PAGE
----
Archie P Lee

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Archibald Petrie Lee
Born (1910-06-12)12 June 1910
Sutherland Terrace, Carluke, Scotland
Died 18 April 1998(1998-04-18) (aged 87)
Glasgow
Nationality Scottish
Alma mater Glasgow University
Occupation
  • BBC Scottish War News Organiser
  • BBC Scotland, General Features Producer
Parent(s)
  • James Lee
  • Ann Swanney Petrie

Archie P Lee (12 June 1910–18 April 1998) was a legendary BBC Scotland producer.

Early life

Archibald Petrie Lee was the son of a professional gardener and fruit grower who worked for the Duke of Buccleuch.

During his time as a student at Glasgow University, Lee went to Glasgow Central Station to welcome Albert Einstein, who was coming to deliver a lecture at the University.

After his studies he became a reporter with the Scottish Daily Express in Albion Street, Glasgow. He became the paper's radio critic writing a regular column entitled 'Radio Talking'.

BBC career

In 1938 he took up the new appointment of press officer at the BBC in Glasgow.

In 1940 he became press officer for the BBC's West Region[1], moving to Bristol just in time to witness it being bombed by the Nazis from November of that year.

He moved back to Glasgow in 1942 when he was appointed 'War News Organiser'. He edited the first wartime Scottish News Summary introduced on 17 April that year, becoming the first BBC member of staff involved directly in the compilation of Scottish news. His main responsibility was "clearing" stories for broadcast; or, as an internal BBC document described it: "to collect news items from the Scottish Ministry of Information and Public Relations Office, from local correspondents where necessary, and the Agency Representatives".[2]

Lee then went south to work in Overseas News in London.

After the war he became a distinguished features producer in Glasgow (his Edinburgh counterpart being Robert Kemp). He produced The McFlannels, the great radio soap of its day, and went on to become the power behind programmes ranging from Sportsreel to The Shetland Bus. He sparked off the idea of broadcasting commentaries from Ayr Racecourse — and engaged journalist and novelist George Blake to be his race commentator.

He retired from the BBC in the summer of 1970, his last position being that of General Programme Producer in Glasgow.[3]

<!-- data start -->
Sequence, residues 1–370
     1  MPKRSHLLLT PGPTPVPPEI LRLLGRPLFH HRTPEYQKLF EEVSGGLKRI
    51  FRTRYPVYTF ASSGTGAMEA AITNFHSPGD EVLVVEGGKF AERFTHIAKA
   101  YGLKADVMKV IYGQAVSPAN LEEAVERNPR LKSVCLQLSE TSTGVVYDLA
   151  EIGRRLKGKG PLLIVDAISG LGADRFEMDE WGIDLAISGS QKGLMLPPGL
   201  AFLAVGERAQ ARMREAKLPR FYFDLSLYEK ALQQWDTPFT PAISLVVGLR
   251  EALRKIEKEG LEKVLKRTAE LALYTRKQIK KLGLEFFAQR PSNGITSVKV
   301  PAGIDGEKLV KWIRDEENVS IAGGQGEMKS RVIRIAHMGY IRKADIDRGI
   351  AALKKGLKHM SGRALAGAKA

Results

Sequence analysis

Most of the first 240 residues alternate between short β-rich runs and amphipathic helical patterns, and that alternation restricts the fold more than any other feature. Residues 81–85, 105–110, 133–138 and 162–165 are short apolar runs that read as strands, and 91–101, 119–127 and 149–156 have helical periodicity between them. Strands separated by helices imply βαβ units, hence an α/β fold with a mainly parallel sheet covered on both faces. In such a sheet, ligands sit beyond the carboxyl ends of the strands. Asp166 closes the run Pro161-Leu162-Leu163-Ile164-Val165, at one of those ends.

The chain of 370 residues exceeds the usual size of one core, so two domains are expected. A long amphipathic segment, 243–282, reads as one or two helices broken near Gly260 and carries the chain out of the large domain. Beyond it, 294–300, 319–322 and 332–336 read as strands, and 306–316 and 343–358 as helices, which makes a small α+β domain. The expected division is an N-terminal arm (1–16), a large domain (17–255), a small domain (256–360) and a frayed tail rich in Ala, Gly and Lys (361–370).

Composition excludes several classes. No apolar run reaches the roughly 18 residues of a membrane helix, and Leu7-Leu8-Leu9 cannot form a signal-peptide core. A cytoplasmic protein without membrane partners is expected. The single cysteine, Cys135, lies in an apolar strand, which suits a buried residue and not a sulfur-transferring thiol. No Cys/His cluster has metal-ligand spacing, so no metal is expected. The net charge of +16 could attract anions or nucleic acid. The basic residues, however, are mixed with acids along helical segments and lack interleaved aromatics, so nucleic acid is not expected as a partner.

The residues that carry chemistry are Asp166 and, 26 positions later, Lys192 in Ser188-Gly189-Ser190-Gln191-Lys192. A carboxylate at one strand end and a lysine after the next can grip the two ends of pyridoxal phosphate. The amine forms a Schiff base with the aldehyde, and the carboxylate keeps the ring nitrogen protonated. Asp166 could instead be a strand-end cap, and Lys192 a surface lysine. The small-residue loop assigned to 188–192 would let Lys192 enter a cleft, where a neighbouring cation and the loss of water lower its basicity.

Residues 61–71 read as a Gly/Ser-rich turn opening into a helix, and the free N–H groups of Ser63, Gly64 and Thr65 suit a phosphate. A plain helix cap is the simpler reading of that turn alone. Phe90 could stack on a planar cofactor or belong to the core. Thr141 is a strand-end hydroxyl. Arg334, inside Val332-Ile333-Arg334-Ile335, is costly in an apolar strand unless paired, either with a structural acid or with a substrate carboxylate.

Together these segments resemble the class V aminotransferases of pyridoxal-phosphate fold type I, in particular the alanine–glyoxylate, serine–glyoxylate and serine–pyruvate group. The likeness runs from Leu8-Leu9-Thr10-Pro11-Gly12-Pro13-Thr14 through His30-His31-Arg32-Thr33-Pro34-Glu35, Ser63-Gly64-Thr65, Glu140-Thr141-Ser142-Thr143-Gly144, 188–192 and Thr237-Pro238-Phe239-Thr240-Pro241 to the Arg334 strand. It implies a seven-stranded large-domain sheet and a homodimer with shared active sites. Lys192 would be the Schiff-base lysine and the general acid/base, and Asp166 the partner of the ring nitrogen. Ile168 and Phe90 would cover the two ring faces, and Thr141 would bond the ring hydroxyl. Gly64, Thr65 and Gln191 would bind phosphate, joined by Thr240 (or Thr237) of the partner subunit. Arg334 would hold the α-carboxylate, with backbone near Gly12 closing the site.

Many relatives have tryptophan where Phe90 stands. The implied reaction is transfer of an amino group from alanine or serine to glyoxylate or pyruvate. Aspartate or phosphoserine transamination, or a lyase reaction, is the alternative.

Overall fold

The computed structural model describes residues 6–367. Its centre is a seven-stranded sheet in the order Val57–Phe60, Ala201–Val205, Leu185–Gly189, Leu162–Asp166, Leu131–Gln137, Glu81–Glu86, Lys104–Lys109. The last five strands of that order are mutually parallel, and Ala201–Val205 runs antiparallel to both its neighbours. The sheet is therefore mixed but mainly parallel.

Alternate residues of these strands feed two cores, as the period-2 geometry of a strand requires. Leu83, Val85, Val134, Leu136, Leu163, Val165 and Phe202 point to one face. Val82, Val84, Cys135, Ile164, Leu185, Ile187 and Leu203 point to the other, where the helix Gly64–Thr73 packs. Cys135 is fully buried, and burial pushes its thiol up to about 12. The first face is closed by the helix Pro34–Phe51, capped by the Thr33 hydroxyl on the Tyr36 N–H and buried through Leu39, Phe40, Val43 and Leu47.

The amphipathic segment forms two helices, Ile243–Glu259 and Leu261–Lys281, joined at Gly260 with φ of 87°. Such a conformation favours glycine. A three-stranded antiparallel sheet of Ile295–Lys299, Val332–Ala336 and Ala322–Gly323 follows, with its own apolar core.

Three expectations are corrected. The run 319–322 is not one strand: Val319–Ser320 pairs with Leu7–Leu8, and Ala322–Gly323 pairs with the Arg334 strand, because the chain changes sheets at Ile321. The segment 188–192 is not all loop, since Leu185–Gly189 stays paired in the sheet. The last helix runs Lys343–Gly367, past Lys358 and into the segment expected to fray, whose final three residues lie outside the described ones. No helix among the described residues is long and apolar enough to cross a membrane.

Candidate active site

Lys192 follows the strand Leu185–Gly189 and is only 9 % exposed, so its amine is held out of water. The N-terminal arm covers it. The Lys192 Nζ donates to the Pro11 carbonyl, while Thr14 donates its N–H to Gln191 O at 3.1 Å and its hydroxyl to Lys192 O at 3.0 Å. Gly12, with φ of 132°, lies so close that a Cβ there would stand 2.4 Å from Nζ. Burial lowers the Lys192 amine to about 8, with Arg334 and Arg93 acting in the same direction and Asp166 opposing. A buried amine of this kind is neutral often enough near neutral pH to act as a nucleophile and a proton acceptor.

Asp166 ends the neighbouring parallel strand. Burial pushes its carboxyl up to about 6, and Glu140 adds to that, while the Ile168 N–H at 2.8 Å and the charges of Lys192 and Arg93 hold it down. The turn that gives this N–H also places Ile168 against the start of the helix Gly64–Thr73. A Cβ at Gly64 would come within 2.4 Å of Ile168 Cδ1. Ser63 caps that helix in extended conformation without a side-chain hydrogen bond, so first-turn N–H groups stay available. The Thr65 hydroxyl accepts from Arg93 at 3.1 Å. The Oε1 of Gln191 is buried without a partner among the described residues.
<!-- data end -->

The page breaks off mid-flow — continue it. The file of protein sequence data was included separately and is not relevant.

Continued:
However, he continued to do some work for the BBC, sometimes setting the questions for the popular quiz programme Superscot.

Inspiration for Northern Lights of Old Aberdeen

When Archie went south to work in London during the Second World War, he met a BBC colleague, Mel Webb, who asked if he knew anything about the Northern Lights which were supposed to appear in the Scottish sky. Archie explained that his mother came from Orkney and "when I was a lad, a tiny wee lad, my mother said to me: come see the Northern Lights my boy...". Thus, unwittingly, providing the inspiration for the song The Northern Lights of Old Aberdeen. Mel married Mary Webb, who composed the tune, and he more or less reproduced Archie's words for the verse.[4]

Personal life

Lee died on 18 April 1998 after an illness.

He was survived by his son Jim, who managed the Nevis Bank Hotel in Fort William.

Archie was delighted that his enthusiasm for broadcasting was taken up by his granddaughter, Gina Lee, who went on to work in freelance film production for both the BBC and Scottish Television.

After divorce he had married Joan Fitzpatrick, the radio actress, but that too ended in divorce before Joan was killed in a car crash.

References

  1. BBC Handbook 1941, 72.
  2. Scottish Director to Directors-General, 'Scottish News Summary', 30 March 1942, BBC WAC R28/227.
  3. Broadcasting Council for Scotland minutes, 10 July 1970.
  4. Obituary, Glasgow Herald, 25 April 1998.
Media offices
First War News Editor
1942–1944?
Succeeded by
Charles Anderson